Atmospheric-Pressure Chemical Vapor Deposition of Iron Pyrite Thin Films

Nicholas Berry, Ming Cheng, Craig L. Perkins, Moritz Limpinsel, John C. Hemminger, Matt Law

Research output: Contribution to journalArticlepeer-review

148 Scopus Citations


Iron pyrite (cubic FeS 2 ) is a promising candidate absorber material for earth-abundant thin-fi lm solar cells. In this report, single-phase, large-grain, and uniform polycrystalline pyrite thin fi lms are fabricated on glass and molybdenum-coated glass substrates by atmospheric-pressure chemical vapor deposition (AP-CVD) using the reaction of iron(III) acetylacetonate and tert -butyl disulfi de in argon at 300 ° C, followed by sulfur annealing at 500-550 ° C to convert marcasite impurities to pyrite. The pyrite-marcasite phase composition depends strongly on the concentration of sodium in the growth substrate and the sulfur partial pressure during annealing. Phase and elemental composition of the fi lms are characterized by X-ray diffraction, Raman spectroscopy, Auger electron spectroscopy, secondary ion mass spectrometry, Rutherford backscattering spectrometry, and X-ray photoelectron spectroscopy. The in-plane electrical properties are surprisingly insensitive to phase and elemental impurities, with all fi lms showing p -type, thermally activated transport with a small activation energy ( ̃ 30 meV), a roomtemperature resistivity of ̃ 1 Ω cm, and low mobility. These ubiquitous electrical properties may result from robust surface effects. These CVD pyrite thin fi lms are well suited to fundamental electrical studies and the fabrication of pyrite photovoltaic device stacks.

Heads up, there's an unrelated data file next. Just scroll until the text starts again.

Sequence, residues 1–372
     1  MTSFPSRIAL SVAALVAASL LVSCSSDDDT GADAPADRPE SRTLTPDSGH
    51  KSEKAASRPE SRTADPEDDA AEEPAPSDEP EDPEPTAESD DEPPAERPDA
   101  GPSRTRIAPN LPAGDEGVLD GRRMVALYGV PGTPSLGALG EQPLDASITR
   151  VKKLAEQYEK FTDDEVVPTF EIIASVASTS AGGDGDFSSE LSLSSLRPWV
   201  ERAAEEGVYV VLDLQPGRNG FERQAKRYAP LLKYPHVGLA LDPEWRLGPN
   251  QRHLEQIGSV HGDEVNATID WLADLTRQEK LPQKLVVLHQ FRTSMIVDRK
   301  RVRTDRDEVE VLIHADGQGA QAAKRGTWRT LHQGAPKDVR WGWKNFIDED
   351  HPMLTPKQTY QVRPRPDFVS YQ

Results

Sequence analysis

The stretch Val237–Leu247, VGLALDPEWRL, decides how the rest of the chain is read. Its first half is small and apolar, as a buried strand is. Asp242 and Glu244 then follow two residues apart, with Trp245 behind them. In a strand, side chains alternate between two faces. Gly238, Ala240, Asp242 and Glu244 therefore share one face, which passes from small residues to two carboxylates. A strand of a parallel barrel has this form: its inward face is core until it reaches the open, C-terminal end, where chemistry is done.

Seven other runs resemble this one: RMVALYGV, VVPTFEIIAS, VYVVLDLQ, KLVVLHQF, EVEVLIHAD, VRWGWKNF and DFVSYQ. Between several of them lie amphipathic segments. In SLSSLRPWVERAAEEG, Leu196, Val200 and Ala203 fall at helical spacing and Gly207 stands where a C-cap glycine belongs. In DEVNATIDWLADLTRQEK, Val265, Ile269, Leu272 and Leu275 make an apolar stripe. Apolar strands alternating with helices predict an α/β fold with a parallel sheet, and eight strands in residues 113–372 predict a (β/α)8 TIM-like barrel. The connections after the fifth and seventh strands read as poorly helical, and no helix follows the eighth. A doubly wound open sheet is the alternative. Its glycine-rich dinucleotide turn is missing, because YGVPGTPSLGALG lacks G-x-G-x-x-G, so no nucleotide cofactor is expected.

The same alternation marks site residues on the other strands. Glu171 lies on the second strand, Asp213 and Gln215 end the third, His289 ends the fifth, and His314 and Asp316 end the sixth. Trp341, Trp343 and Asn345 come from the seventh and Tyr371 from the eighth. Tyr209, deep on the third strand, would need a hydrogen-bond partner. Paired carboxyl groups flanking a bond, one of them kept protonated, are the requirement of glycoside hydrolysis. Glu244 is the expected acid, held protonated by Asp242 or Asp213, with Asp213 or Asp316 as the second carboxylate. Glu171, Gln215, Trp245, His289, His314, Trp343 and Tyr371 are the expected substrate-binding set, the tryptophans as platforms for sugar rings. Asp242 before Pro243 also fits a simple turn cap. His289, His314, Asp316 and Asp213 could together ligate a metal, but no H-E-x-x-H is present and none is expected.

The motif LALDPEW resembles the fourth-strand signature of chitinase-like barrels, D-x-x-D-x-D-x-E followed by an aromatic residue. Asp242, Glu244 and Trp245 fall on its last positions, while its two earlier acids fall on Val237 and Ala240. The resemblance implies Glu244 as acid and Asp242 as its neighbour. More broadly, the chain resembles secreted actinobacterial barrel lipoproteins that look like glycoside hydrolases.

Original languageAmerican English
Pages (from-to)1124-1135
Number of pages12
JournalAdvanced Energy Materials
Issue number9
StatePublished - 2012

NREL Publication Number

  • NREL/JA-5200-57179


Dive into the research topics of 'Atmospheric-Pressure Chemical Vapor Deposition of Iron Pyrite Thin Films'. Together they form a unique fingerprint.

Cite this